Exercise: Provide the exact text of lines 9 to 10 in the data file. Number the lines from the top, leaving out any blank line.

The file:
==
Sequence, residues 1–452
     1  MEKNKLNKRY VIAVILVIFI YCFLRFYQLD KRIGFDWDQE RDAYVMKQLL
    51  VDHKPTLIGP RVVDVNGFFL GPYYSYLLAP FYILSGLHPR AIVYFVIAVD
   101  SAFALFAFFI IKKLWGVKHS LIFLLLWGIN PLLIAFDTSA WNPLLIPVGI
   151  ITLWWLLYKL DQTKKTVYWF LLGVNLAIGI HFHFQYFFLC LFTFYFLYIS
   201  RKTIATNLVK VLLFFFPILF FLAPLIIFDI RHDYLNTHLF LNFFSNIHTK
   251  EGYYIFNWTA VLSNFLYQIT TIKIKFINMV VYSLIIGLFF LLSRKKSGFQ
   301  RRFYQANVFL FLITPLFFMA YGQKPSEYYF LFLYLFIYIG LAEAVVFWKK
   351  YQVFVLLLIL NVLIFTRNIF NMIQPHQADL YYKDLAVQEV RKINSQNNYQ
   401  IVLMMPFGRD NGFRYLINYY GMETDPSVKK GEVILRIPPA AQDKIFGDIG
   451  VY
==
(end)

   351  YQVFVLLLIL NVLIFTRNIF NMIQPHQADL YYKDLAVQEV RKINSQNNYQ
   401  IVLMMPFGRD NGFRYLINYY GMETDPSVKK GEVILRIPPA AQDKIFGDIG